Notwithstanding the 4-1-4 Supreme Court decision that the Affordable Health Plan is constitutional – including the snarky intonations in Justice Ginsburg’s majority decision and the head-scratchingly majority-like sound of the minority opinion – the verdict remains out on the longterm effect of Chief Justice John Roberts’ rogue opinion that the ObamaCare mandate is upheld as a tax. Did Roberts switch from the conservative four to the liberal four at the last minute as wording clues in both opinions might show? First Roberts argues that the mandate is not a tax; then he says it is; conclusion: it’s up to the people to decide, not the lawyers in the court system. Was Roberts constrained by elite public opinon and an objective of preserving the reputation of the Supreme Court? And how will the “mine field” he set for future legistlative initiatives – using Congress’s power to tax, not using the liberal tool of the Commerce Clause – play out in affirmative action cases coming up on next year’s Supreme Court agenda?

Short term, Roberts saved Obama’s presidency and moved the country well along the road to the socialist single-payer health care system that has brought Western Europe to its knees. He may have temporarily saved the standing of the Court, but Roberts has dealt a difficult hand to the American people with ObamaCare’s massive new regulation and huge tax increases on the middle class. The Roberts finesse in enhancing the taxing power of Congress provides a whole new realm of regulation. For example, if the Feds decide you ought to by a Chevy Volt and you don’t choose to do so, Congress can regulate the policy by a punative tax. Every Congressional election, every election year, now becomes pivotal. There’s no more room for the free riders who let others soil their hands with politics, or worse, wait for the Supreme Court to bail out the mistakes made by their representatives. This fall is not about specatator sports like college football. Let’s hope Dorothy Rabinowitz of the Wall Street Journal had it right when she quoted Japanesse Admiral Yamamoto, speaking after Pearl Harbor: “I fear all we have done is to awaken a sleeping giant and fill him with a terrible resolve.” What are you prepared to do? Join the fight.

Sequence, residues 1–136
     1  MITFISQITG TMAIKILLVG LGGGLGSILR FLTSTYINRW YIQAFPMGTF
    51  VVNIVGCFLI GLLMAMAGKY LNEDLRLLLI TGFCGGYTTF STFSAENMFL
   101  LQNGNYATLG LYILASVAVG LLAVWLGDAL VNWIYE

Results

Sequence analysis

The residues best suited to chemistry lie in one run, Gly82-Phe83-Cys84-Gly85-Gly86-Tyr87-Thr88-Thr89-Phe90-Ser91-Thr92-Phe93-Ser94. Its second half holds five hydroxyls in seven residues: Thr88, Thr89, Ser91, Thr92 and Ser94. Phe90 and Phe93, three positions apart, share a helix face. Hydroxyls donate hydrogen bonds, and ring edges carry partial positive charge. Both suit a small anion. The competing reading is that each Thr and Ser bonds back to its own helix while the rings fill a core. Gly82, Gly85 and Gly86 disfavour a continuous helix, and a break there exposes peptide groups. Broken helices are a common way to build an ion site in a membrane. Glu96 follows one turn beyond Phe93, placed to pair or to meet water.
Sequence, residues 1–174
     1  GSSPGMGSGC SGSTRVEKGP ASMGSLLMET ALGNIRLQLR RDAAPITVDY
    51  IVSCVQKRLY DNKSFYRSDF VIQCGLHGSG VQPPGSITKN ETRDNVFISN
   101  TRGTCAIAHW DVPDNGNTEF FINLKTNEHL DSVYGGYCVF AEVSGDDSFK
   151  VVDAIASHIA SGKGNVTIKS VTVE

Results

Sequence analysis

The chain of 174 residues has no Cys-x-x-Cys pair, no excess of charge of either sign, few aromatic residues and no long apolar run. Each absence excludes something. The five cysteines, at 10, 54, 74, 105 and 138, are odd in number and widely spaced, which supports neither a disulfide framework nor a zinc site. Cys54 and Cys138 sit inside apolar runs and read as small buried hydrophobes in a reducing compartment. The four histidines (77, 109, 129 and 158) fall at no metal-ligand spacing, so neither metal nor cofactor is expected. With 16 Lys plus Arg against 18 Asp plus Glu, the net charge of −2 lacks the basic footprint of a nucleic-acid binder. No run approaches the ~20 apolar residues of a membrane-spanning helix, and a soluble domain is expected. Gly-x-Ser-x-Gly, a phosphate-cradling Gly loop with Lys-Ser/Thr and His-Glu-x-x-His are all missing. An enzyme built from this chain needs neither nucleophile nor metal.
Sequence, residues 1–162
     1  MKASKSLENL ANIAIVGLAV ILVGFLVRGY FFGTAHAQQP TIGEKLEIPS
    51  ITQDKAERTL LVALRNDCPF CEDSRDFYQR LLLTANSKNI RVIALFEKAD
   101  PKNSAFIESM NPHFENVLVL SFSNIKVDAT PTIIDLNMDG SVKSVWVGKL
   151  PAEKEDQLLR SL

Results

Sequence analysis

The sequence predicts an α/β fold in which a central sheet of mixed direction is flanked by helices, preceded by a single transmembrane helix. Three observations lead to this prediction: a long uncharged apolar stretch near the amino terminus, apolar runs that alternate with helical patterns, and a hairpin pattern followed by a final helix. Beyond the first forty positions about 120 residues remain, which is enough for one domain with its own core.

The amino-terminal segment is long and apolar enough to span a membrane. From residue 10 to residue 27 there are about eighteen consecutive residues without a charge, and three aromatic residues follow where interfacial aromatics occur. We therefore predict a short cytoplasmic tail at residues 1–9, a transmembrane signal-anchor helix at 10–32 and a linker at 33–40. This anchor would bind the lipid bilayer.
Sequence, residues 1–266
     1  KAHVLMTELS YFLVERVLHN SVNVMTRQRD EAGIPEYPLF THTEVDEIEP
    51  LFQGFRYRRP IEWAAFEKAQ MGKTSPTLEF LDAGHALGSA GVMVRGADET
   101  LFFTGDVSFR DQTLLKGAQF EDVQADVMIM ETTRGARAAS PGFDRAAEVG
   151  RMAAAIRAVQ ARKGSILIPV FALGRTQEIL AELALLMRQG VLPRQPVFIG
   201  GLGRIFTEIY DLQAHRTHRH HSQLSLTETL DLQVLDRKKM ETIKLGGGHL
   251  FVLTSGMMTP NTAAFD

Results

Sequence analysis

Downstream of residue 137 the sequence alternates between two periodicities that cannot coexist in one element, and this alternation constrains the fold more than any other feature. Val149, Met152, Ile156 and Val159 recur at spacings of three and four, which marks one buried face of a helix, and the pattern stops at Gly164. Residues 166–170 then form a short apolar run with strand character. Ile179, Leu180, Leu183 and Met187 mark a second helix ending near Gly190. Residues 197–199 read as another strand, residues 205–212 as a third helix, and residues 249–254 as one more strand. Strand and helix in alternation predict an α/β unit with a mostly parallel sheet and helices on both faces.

The pundits are making hay out of the Roberts decision. If you missed any of these, take a look:

Matthew Continnetti, Washington Free Beacon “The health care battle is not settled. On the contrary: Justice Roberts’s opinion has airlifted the combatants to a different battlefield altogether. By affirming the individual mandate not on the grounds of the Commerce Clause but the congressional power to tax, Roberts has, intentionally or not, exposed the president as a liar, and as willing to raise taxes on the middle class.”

Jay Cost, The Weekly Standard Blog, “This country is hopelessly split along ideological lines, and it seems impossible for either side to gain any lasting advantage over the other. But maybe Roberts has managed to do precisely that. By nominally endorsing an overwhelmingly unpopular bill that is in major trouble anyway, he has created the political space needed to strike directly at the heart of liberal legal theory without inflaming the Democrats.”

John Yoo, Wall Street Journal “All this is a hollow hope. The outer limit on the Commerce Clause in Sebelius does not put any other federal law in jeopardy and is undermined by its ruling on the tax power (discussed below). The limits on congressional coercion in the case of Medicaid may apply only because the amount of federal funds at risk in that program’s expansion—more than 20% of most state budgets—was so great. If Congress threatens to cut off 5%-10% to force states to obey future federal mandates, will the court strike that down too? Doubtful.”

Larry Kudlow at Red County, “Romney has to make the case. He needs to link the anemic jobs and economic situation to the Obamacare tax, spend, and regulate fiscal drag. And he has to add to that mix the dangers to our freedoms embodied in Justice John Roberts’s expansion of the power to tax our personal behavior.”